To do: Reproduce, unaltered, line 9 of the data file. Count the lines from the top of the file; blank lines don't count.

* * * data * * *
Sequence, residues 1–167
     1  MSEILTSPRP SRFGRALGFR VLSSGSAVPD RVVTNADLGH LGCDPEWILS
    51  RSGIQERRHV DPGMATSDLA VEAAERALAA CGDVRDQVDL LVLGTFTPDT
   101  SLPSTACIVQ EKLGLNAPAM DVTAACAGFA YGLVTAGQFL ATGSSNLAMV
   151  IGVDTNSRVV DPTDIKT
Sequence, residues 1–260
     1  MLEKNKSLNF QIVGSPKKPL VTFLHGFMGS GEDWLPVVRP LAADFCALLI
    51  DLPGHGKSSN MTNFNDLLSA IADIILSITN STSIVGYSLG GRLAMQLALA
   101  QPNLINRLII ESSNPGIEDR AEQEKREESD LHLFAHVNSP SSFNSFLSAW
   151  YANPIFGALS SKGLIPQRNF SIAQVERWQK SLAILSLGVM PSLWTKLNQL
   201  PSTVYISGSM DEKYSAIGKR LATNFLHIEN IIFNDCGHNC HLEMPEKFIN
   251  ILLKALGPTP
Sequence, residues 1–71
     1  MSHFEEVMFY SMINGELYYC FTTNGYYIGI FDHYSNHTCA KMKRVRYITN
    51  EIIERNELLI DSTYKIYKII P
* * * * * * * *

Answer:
   101  QPNLINRLII ESSNPGIEDR AEQEKREESD LHLFAHVNSP SSFNSFLSAW